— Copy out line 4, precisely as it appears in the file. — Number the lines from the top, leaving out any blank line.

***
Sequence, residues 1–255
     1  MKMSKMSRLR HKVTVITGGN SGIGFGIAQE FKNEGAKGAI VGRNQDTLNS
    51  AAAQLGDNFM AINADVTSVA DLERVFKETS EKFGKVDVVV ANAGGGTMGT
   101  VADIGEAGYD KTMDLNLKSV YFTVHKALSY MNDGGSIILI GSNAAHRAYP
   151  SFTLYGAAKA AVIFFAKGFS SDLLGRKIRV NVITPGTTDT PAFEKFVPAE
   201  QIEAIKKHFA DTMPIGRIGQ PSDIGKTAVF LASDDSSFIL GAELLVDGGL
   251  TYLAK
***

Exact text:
   101  VADIGEAGYD KTMDLNLKSV YFTVHKALSY MNDGGSIILI GSNAAHRAYP